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Houston History: Montrose

The history of Montrose is as diverse as the residents that now occupy the area bound by Southwest Freeway, Allen Parkway, Shepherd and Midtown. Once a planned community predecessor to River Oaks, the area has become the bohemian heart of Houston.

Montrose Pride Wall

Oil tycoon J.W. Link founded "The Montrose" in 1911. To kick things off, Link built his own mansion on Montrose Boulevard and four wide boulevards with extensive landscaping. A streetcar, the Montrose Line, ran through the neighborhood. Link’s home eventually served as the first building of the new University of St. Thomas.

The area grew quickly, with many notable Americans in its orbit. Howard Hughes called the area home, Clark Gable studied in the neighborhood and Lyndon Johnson taught school at the local Sam Houston High School.

In the late 1960s, Montrose became the center of Houston’s counterculture movement. The area’s cheaper rents at older duplexes and apartment buildings attracted street musicians, gays and hippie communes. The corner of Westheimer and Montrose became the site of regular demonstrations against the Vietnam War. Underground newspapers and radio stations became to spring up, creating "radio row."

The inaugural Westheimer Colony Art Festival in 1971 kicked the counterculture into high gear. With 30 to 40 gay bars, by the end of the 1970s Montrose had become the center of LGBTQ culture in Houston. The city's gay pride parade became a staple of the community.


The counterculture hub has had its confrontations with the rest of the traditionally conservative oil and gas capital of the historically conservative Texas. One of the neighborhood's radio stations, KPFT, was bombed twice by the KKK. As the community grew throughout the 1980s, tensions began to flare. AIDS tore through the community. Some Houstonians stopped patronizing restaurants in Montrose, believing they would acquire AIDS from gay waiters. Some area funeral homes did not want to accept the bodies of men who died from AIDS.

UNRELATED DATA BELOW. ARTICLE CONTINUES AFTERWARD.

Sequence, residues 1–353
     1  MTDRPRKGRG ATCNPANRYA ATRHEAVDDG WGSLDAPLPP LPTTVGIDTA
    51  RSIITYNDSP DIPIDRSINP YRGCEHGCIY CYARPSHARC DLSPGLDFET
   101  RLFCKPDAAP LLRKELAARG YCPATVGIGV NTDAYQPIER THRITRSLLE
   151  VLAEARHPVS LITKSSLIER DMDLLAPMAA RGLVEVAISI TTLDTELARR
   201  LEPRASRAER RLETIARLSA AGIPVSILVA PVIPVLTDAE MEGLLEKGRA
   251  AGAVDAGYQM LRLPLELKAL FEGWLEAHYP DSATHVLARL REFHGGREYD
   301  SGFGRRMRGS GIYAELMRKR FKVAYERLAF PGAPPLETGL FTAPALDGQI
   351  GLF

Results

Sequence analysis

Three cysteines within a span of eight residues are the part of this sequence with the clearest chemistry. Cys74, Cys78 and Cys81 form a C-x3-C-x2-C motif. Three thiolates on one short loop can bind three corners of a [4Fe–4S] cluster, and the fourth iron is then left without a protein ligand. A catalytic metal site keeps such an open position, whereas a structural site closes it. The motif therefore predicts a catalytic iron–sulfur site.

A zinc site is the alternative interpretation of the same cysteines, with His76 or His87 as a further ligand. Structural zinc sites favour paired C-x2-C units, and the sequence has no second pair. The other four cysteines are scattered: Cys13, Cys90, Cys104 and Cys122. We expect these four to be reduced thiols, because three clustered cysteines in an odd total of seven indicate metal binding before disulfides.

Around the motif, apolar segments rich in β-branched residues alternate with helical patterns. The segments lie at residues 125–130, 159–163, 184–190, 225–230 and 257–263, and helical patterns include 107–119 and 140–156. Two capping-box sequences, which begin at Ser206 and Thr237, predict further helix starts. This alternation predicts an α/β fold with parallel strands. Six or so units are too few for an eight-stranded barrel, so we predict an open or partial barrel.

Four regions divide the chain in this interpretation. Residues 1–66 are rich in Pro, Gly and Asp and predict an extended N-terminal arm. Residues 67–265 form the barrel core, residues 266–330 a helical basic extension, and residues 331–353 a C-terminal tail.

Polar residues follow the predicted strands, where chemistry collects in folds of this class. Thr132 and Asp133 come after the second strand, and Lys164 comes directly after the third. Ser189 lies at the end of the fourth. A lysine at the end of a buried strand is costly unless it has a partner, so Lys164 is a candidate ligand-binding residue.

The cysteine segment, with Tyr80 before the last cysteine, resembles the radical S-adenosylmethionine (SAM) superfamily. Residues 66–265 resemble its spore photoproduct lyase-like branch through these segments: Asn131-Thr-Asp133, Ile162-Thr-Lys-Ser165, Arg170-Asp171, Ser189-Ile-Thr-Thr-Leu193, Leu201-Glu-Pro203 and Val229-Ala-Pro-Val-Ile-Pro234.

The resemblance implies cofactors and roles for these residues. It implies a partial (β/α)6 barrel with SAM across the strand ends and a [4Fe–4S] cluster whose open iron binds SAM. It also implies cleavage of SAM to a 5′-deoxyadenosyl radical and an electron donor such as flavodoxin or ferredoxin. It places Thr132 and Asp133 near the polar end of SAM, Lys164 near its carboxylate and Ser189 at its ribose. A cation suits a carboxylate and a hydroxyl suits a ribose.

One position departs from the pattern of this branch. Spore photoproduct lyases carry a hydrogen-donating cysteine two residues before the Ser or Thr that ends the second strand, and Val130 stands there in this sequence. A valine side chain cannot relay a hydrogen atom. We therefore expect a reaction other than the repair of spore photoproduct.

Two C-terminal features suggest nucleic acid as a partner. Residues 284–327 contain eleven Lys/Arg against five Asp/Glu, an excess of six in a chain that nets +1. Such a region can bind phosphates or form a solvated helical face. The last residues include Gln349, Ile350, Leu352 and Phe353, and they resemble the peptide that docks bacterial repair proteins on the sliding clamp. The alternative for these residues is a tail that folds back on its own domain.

The 1991 murder of Paul Broussard after he left a Montrose nightclub was a wake-up call. Savagely beaten and stabbed by 10 teens from The Woodlands, Broussard died after treatment was delayed as police and medical personnel were slow to respond to calls from Montrose in the height of the AIDS crisis. When gay rights activists discovered the Houston Police Department was not working to solve the murder, a large protest was organized. The community marched through the street and in front of the mayor’s house for several days in what became Houston’s longest-lasting gay rights demonstrations. The display prompted a tip from one of the assailant’s girlfriends, leading to the rest being apprehended.

Montrose District in Houston

LGBTQ culture has become more mainstream, which has brought new challenges. Like many "gayborhoods" around the country, the area is dealing with gentrification. The new millennium has seen neighborhood staples and mom-and-pop shops begin to close and stylish restaurants and bars began to take their place. Luxury condos and townhomes are popping up throughout Montrose, making it difficult to find affordable housing. The area’s hip eccentricity has pushed rents. A one-bedroom for under $1K is now a rare sight.

In 2014 the gay pride parade was moved to Downtown Houston to accommodate larger crowds. The move is a sign of how Montrose is evolving. Like the parade, LGBTQ culture has outgrown the confines of Montrose. Increasing acceptance and a rapidly decentralizing LGBTQ community has the area changing faster than ever before. And yet crossing the rainbow sidewalks during this weekend's pride celebration, seeing the vast array of different people, it appears the Montrose community is as vibrant as ever.

CORRECTION, June 30, 8:51 a.m. ET: An earlier version of this story incorrectly said Broussard was murdered inside a Montrose nightclub. Broussard had left a nightclub and was murdered in a nearby alley. The story has been updated.